Let’s talk gambling
How to regulate your emotions in 4 easy steps
By: Samuel Ma (Clinical Psychology Registrar) & Dr Anastasia Hronis (Clinical Psychologist)
Emotions drive behaviour, and form an essential part of our lives. Most of the time, they keep us safe, help build meaningful relationships, and motivate us to work towards goals that align with our values.
However, emotions that recur frequently and intensely can interfere with day-to-day life. In the context of gambling, acting on some of these emotions can be harmful, and cause lapses on the road to recovery.
An important exercise can be to consider which emotions make you more vulnerable to gambling. For some people, emotions such as anxiety, anger, shame, guilt or sadness can be triggers for gambling. For others, it may be excitement or happiness that leads to the desire to gamble.
A useful tool to help regulate your emotions is one that psychologists call ‘opposite action’. This is a tool from a type of therapy called Dialectical Behaviour Therapy. Essentially, opposite action helps us engage in activities that are ‘opposite’ to those of which we are feeling.
To use ‘opposite action’ follow these easy steps:
1: Identify the emotion that you are feeling and that you want to change (e.g., sadness, shame).
2: Check whether the emotion you are feeling is proportional to the situation you are experiencing. Ask yourself, does the intensity of my emotion fit the situation?
3: Think about what behaviour this emotion makes you want to do.
- Will this action be effective?
- Does it align with your future goals and values?
- What would the opinion of a trusted, loved one be?
4: If you come to the decision that acting in this way won’t be helpful or effective for you, it’s time to think about some opposite behaviours to try.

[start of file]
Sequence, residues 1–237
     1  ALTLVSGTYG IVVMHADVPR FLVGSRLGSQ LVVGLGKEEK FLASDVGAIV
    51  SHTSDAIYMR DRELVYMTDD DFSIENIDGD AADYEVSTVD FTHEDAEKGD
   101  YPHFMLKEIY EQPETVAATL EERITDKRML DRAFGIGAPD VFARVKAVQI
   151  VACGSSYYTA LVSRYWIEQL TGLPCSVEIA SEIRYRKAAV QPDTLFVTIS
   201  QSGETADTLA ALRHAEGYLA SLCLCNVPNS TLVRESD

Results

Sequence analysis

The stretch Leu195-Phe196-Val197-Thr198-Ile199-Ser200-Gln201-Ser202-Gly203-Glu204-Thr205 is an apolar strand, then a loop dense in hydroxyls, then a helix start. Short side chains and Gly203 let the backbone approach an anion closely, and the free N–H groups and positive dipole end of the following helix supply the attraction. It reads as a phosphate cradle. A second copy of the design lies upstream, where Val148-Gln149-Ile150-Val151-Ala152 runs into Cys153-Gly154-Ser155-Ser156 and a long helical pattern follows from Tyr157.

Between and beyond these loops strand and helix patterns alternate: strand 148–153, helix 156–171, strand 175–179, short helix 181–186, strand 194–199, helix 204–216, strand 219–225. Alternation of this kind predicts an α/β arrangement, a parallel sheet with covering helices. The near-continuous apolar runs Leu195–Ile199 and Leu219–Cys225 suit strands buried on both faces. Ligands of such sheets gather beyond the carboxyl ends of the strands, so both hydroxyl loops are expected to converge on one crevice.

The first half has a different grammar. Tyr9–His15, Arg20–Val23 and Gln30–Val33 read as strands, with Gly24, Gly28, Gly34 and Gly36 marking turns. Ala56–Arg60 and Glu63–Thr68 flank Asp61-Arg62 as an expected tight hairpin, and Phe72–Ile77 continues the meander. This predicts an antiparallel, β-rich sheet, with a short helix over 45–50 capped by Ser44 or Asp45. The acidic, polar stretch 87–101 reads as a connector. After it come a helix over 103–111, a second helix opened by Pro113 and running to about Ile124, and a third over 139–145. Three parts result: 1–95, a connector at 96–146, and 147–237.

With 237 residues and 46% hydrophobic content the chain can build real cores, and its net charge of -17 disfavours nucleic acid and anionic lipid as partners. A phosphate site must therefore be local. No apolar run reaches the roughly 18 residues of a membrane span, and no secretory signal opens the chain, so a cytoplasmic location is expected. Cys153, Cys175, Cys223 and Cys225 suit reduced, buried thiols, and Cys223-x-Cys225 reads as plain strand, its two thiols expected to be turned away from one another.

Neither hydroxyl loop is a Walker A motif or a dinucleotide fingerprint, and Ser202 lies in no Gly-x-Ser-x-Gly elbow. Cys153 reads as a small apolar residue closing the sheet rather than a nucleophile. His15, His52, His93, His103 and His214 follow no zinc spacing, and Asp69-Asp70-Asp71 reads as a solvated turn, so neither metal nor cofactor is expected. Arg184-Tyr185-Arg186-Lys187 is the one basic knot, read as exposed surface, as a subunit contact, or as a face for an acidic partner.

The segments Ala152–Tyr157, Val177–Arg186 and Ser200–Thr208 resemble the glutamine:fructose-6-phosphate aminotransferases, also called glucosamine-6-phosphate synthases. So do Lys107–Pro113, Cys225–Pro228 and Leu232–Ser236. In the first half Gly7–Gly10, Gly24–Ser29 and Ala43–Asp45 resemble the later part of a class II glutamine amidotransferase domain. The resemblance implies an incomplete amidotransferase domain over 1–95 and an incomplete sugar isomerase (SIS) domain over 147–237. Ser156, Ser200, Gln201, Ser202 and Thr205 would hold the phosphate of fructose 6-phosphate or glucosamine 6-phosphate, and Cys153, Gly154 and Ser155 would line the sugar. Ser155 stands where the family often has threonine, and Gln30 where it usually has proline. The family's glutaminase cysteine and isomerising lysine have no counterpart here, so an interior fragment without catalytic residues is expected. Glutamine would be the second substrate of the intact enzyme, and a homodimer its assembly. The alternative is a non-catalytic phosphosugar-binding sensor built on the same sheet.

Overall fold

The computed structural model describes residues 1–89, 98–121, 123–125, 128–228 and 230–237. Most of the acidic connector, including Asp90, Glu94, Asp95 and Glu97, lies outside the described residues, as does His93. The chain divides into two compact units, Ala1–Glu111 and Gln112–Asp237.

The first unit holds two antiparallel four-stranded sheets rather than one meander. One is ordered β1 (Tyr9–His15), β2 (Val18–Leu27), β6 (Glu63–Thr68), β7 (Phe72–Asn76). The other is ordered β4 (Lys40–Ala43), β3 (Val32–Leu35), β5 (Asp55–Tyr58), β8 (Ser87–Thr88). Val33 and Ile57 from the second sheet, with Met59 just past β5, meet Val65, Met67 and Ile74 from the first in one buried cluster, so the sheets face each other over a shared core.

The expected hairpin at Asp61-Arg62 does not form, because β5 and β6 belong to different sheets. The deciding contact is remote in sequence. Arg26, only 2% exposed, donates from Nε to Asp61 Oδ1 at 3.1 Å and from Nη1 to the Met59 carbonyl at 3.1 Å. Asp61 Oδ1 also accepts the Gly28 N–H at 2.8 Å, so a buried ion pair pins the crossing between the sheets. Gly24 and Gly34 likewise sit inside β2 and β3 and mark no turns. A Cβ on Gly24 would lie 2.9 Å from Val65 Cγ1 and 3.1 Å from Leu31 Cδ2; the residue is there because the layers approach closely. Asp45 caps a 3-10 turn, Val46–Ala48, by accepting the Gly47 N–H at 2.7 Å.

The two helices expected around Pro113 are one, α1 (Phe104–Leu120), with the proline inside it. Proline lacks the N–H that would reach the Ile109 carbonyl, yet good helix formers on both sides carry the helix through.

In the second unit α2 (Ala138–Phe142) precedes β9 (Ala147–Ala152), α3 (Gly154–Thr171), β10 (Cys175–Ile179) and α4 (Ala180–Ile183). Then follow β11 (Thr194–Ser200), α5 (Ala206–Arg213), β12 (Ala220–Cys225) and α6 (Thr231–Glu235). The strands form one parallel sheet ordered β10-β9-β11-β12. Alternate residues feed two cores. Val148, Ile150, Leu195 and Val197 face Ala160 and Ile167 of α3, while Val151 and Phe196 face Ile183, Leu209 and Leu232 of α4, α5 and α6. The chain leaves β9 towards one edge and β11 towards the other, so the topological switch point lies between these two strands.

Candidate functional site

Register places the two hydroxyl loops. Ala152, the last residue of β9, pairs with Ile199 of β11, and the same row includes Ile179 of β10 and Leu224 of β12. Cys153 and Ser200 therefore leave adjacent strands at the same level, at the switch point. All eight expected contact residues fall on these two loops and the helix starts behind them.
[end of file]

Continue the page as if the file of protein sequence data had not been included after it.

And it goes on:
Here's an example:
Emma arrives home following a challenging day at work. She identifies that she is feeling sad. She is experiencing self-critical talk (“I should have been more competent at work today”), a sense of lethargy and disinterest.
Emma notes that the intensity of her sadness does not match the situation. Although she encountered difficulties on a work project, Emma was praised by her colleagues for her strong efforts. Emma then identifies that she has the urge to escape the sadness by isolating herself, going to the local RSL to drink and play the pokies.
This a common pattern that distracts her from the ever-present sadness she has been experiencing recently. Emma recognises that this does not align with her goal to find healthier ways to cope, or her values on what is important in her life (e.g. spending time with family rather than isolating).
As a result, Emma uses the opposite action technique. Emma considers alternatives: organising a meal with relatives, going for a brief walk in the nearby park, or calling a trusted friend to talk about her work day. She practises opposite action on this occasion, as well as in the weeks thereafter.
Some common opposite actions psychologists may suggest are:
Fear - rather than avoiding the feared situation, actively approach it.
Anger - rather than act defensively, gently express how you feel.
Shame - rather than conceal how you feel, share with a trusted loved one.
Opposite action is an important emotion regulation tool because it places you in the ‘driver’s seat’ of your emotions. Your behaviours start to shape your emotional response, rather than the other way around. It is a simple, yet empowering strategy that you can start using today.
For more support on this topic or any gambling issue you might want to talk about, call Gambler’s Help on 1800 858 858.
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